Clorox Precautions

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Clorox bleach can help keep your white fabrics clean.
Clorox bleach can help keep your white fabrics clean. (Image: Thinkstock Images/Comstock/Getty Images)

Versatile and inexpensive, Clorox bleach can help keep your home clean, deodorized and disinfected. However, Clorox contains powerful chemicals that can damage surfaces and fill your home with toxic residue and fumes if used improperly. Before using Clorox, take the necessary safety precautions to protect you and your family.

Discoloration

Clorox can damage various items, including fabric, carpet, wood and upholstery. When the bleach comes in contact with the surface, it can either strip the surface of its color or cause unsightly and permanent discolorations. By covering floors and furniture with a drop cloth you can help prevent damage to the item while cleaning with Clorox. If possible, move the item you are cleaning with Clorox outside and place on top of a plastic tarp.

Fumes

The Clorox itself produces harsh fumes that can cause dizziness, nausea, headaches and fatigue if breathed in for long periods of time. The fumes can also cause a burning sensation in the nose and throat. If you experience any of the side effects, move into fresh air immediately. Sit for several minutes, taking long, deep breathes until the feeling passes. By keeping the work area well-ventilated when using bleach, you will lower the possibility of experiencing these side effects.

Skin and Eye Exposure

Once Clorox comes in contact with skin, flush the area immediately with cool water and wash for 15 minutes. Consult your primary care physician if a rash or irritation occurs. To prevent contact, always wear rubber gloves, long-sleeved shirt and pants when using bleach.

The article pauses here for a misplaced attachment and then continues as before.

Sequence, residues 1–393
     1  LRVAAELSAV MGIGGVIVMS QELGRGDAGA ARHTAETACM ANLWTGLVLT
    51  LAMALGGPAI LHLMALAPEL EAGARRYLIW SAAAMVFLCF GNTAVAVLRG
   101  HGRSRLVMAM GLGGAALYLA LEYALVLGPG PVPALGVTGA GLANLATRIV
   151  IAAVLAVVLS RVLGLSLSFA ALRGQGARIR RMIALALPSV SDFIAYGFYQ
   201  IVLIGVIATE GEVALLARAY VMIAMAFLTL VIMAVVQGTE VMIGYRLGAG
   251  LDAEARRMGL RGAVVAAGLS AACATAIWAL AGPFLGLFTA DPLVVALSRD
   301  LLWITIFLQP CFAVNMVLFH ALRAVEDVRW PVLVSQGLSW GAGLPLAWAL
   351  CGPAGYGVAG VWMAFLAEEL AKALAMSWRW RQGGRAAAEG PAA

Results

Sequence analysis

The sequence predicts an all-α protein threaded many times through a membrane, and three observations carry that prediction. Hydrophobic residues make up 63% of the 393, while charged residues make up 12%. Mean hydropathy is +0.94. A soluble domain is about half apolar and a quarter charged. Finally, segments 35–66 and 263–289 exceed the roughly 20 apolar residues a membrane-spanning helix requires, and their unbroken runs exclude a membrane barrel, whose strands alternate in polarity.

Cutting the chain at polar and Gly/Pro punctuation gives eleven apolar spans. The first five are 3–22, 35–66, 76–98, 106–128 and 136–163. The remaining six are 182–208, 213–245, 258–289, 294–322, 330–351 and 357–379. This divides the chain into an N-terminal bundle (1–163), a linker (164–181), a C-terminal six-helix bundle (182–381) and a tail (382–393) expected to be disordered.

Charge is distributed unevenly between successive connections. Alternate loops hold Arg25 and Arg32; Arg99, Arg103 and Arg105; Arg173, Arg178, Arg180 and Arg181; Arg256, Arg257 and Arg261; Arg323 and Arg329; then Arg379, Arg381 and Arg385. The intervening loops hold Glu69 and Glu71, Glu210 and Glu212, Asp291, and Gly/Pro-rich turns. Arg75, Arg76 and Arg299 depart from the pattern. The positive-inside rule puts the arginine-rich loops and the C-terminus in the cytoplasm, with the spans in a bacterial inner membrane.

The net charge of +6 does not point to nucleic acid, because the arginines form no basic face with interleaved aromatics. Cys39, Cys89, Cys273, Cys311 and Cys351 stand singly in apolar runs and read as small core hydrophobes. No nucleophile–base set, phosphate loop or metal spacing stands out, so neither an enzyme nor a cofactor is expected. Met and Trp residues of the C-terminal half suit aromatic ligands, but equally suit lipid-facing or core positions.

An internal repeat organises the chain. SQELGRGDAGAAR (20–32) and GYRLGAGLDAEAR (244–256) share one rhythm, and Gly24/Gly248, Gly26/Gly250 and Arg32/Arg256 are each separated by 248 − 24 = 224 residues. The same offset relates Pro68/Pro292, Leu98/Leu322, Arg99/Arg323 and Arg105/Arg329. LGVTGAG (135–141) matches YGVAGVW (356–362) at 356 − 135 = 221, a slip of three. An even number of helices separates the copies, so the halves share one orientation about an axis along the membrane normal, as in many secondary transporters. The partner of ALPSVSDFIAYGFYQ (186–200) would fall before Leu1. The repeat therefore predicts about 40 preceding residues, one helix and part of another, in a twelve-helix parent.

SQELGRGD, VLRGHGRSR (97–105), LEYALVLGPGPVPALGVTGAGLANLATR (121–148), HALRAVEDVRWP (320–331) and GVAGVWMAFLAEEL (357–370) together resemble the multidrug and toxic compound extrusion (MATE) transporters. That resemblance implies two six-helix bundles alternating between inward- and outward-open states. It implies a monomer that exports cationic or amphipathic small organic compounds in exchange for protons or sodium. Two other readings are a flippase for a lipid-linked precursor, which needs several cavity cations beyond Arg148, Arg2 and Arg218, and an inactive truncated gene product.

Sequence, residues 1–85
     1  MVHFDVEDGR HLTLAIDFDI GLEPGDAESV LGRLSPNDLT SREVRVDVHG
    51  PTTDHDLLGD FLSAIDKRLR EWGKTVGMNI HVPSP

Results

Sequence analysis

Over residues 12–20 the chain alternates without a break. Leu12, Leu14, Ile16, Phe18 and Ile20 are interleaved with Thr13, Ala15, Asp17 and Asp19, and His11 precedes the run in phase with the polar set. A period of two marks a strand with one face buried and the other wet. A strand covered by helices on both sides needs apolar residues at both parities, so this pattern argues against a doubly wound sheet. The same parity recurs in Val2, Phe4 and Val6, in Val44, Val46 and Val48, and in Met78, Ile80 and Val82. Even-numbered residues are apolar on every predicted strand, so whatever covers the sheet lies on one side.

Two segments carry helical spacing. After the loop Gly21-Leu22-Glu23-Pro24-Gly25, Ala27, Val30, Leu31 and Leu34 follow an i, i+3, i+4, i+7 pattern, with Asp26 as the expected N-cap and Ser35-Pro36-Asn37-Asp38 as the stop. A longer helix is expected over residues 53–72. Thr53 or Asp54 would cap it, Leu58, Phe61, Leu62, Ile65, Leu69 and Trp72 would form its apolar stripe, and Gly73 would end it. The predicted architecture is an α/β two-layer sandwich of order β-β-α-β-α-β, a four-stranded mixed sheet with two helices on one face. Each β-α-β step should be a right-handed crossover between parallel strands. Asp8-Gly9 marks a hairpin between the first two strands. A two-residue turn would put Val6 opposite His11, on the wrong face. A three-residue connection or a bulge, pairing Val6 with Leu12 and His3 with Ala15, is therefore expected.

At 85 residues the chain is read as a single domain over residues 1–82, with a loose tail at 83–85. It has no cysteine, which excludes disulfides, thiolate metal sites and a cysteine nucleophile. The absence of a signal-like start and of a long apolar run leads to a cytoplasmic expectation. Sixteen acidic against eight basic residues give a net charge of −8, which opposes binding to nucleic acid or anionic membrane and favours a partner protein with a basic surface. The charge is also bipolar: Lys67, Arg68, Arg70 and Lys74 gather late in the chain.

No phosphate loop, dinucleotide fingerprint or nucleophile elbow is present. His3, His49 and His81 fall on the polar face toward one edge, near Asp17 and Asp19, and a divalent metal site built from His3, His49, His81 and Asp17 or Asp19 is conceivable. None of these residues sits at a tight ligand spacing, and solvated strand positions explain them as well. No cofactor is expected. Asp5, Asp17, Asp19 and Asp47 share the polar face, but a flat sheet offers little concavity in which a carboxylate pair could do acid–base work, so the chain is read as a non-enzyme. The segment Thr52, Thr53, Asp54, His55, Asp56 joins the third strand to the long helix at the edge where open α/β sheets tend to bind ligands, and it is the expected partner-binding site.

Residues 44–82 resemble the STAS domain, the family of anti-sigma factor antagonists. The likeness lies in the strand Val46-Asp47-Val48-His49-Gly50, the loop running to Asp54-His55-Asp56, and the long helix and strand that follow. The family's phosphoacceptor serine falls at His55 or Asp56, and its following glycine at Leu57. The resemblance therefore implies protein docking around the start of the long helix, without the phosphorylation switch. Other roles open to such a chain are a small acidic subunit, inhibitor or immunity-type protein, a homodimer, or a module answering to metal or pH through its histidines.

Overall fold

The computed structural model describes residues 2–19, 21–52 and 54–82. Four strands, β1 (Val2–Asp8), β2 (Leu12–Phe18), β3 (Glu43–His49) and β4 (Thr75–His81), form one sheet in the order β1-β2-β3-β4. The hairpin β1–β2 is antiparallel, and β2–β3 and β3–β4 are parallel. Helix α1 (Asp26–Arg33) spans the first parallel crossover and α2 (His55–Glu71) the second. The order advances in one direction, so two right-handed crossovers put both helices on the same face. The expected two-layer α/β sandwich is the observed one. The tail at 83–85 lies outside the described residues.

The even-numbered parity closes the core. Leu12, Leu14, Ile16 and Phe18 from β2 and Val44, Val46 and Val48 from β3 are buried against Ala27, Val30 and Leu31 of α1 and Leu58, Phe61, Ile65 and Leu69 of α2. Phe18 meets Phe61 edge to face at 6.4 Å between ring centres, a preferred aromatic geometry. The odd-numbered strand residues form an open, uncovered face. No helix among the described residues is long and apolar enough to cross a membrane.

Immediately flush the eye with cool water. Hold the eyelid open and allow cool, running water to rinse the chemical from the eye for 20 minutes. If the person whose eye has been splashed with Clorox is wearing contacts, flush the eye for 5 minutes with cool running water before removing the contact lens, and continue flushing for another 15 minutes. Contact a physician after flushing the eye for 20 minutes.

Ammonia

Like bleach, ammonia is an inexpensive and versatile cleaning chemical that is a common ingredient in glass cleaners. Mixing Clorox with ammonia or products that contain ammonia will result in dangerous fumes that could prove deadly. To prevent the toxic fumes, never mix Clorox with other cleaning chemicals.

Ingestion

Ingesting Clorox can lead to serious health complications that can be fatal. Never induce vomiting if someone you know ingests Clorox. Instead, have the individual drink a glassful of cool water and remain calm. If irritation, dizziness or vomiting occurs or the amount of bleach ingested was substantial, contact a physician.

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